For nearly a decade, members of the design and construction community have been exploring opportunities to expand business into the Middle East. Although many have pursued work in locations such as Dubai, one innovative tilt-up contractor, SiteCast Construction Corp., Ottawa, Ontario, Canada, chose another location—Amman, Jordan. Home to more than 2 million residents and the capital city of Jordan, Amman is a center for culture, politics, and commerce.
At an industry event, Steve Kaminski, president of SiteCast, spoke with someone pursuing work in the Middle East. He gained information about the experience and developed an action plan for how to seek out opportunities. A chance encounter led to meeting an individual performing work in Jordan. After learning more about the country and the strong relationship between Canada and Jordan, Kaminski decided this would be a good opportunity for his firm and embarked on a test project with the Jordanian military.
First, he set up an international construction division for Middle East projects. “We learned that nearly everything in the city is made of load-bearing masonry,” says Shawn Hickey, vice president of construction at SiteCast. “Site-cast tilt-up seemed a natural fit for this geographic area and would provide the durability and low maintenance that owners desired.”
Embarking on a tilt-up project in Amman was a challenge because it was the first tilt-up project in the country. SiteCast elected to do a prototype housing project to show the benefits of tilt-up. The 1765-square-foot structure was built in the Military Medical City as part of the military’s plans to complete housing requirements for their personnel.
“The entire structure was built out of 22 tilt-up panels, including the roof,” says Hickey. “We were able to demonstrate speed of construction, security, and durability—hallmarks of tilt-up construction. We used reinforced insulating concrete panels that were load-bearing structural components for the exterior, interior, and roof panels of the structure.”
For this project, SiteCast used J.W. Lindsay Enterprises Ltd., Dartmouth, Nova Scotia, Canada, for the engineering. “One key to a successful project is having technical assistance available from the design office at all times while work is progressing onsite,” says Laurence Smith, PE, and vice president of engineering at J.W. Lindsay. “As with any project whether near or far, proper planning is the essential ingredient for success.”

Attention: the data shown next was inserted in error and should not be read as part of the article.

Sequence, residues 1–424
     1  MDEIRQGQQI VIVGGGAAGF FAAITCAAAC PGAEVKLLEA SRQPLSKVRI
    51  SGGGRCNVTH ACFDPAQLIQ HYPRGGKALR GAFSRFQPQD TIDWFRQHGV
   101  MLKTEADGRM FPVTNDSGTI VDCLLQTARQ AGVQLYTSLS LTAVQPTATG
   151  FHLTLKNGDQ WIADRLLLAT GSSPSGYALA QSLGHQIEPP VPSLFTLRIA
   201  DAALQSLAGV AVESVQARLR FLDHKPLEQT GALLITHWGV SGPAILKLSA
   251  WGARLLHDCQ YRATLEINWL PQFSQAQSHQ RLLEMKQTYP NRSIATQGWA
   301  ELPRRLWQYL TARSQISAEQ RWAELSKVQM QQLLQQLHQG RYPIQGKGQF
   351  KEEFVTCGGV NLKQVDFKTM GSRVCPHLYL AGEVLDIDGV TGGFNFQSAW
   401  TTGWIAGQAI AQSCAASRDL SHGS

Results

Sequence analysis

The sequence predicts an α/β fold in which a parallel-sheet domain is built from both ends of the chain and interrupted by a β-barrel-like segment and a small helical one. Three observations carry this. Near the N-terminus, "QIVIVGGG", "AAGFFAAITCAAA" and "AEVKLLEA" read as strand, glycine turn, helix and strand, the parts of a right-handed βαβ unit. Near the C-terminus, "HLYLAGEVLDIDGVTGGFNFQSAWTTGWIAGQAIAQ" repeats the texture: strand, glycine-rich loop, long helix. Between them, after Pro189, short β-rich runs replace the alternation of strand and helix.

Although the project was a success, SiteCast did encounter challenges. For one, because tilt-up was entirely new to the area, all employees had to be trained on the method. Another was all lifting hardware had to be shipped, and some took nearly four weeks to arrive.
Unlike North America, there is no apparent apprenticeship program for trade members to pass along their skills to the next generation. Unskilled labor is plentiful and safety standards are different than those in the U.S. or Canada.
“One of the most surprising things to me is the leadership structure on projects in the region,” says Hickey. “In Jordan, engineers are primarily the project leaders, while in Canada and the U.S., the superintendent is the primary contact and leads the onsite construction of the project.”
Although Jordan is one of the most progressive countries in the region, some cultural challenges exist. The technology infrastructure is not as robust as in North America, so Internet connections were intermittent at times. Unlike in some Western nations, armed soldiers are everywhere, which can be uncommon at first glance, but quickly becomes commonplace and reassuring. Friday and Saturday constitute the weekend, while Sunday commences the work week.
The project generated such tremendous feedback, SiteCast has received interest from other Middle Eastern countries about constructing tilt-up projects in their nations. To learn more about SiteCast’s projects, visit www.sitecast.ca.